I found what I think is a very interesting approach to your question in "Object-Oriented Modeling and Design", by Rumbaugh et al. The edition I have is a bit
old (1991) but I think the concepts are still quite applicable. Also, I cite
from this book but I guess you can find similar concepts by other authors and
in more recent pubblications.
In Chapter 6, Functional Modeling, the authors explain that building a functional model is only one aspect of the analysis and design of an application. The other two models are the object model (the structure of your system, in terms of objects, their associations, and their operations / methods) and the dynamic model (systems states, events, state transitions).
The functional model "shows how output values in a computation are derived from input values" (page 123 in my 1991-edition). In other words, even though you have a lot of state (e.g. files, database) that you modify, and a lot of user input (events) that may guide your computation, you can identify the purely functional aspects in your application, with clear inputs, outputs, and data transformations, and no side effects (the side effect may consist in storing the result of a computation, but this is a separate step).
Further, on page 137, there is a section about the relation between functional, object, and dynamic models. I cite again: "The functional model shows what has to be done by a system. [cut] The object model shows the doers - the objects. The dynamic model shows the sequence in which the operations are performed."
So, these are just some rough ideas (you can do some reading on object-oriented design to have more details), but I think you can apply the following guidelines to the programming of a web application:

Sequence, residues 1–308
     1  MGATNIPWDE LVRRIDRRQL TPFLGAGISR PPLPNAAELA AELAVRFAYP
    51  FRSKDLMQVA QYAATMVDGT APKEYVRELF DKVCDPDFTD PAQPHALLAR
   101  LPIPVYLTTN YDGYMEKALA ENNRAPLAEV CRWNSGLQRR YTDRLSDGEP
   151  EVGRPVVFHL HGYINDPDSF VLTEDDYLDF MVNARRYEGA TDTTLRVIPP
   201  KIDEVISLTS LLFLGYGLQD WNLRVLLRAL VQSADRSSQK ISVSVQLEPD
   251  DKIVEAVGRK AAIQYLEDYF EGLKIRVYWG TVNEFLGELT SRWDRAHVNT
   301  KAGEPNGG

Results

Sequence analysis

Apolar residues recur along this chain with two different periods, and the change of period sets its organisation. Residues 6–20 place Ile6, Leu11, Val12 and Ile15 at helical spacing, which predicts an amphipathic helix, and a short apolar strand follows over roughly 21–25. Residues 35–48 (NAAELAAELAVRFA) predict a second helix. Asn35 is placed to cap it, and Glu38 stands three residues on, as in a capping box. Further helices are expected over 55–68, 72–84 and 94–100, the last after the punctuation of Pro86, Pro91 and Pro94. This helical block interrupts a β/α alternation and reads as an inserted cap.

- Try to identify data flows and transformations inside your application, with clear inputs (e.g. a database table) and clear output (e.g. a GUI table).
- Clearly separate in your code the parts that (1) only read / query data (2) only write (save or update) data (3) only transform data.
All procedures that are in category (3) should
- Either produce a completely new data object (the result) without changing the inputs or any other data in the environment;
- or change an input data object and return it as the result (the input value is destroyed and a new output value is created; for efficiency reasons one common data object is used for both input and output), again without changing the remaining inputs or any other data in the environment.
So, IMO even if you are developing an application that has a lot of input / output with the user, other applications, and mass storage, you can still try to isolate its functional parts and implement them more cleanly.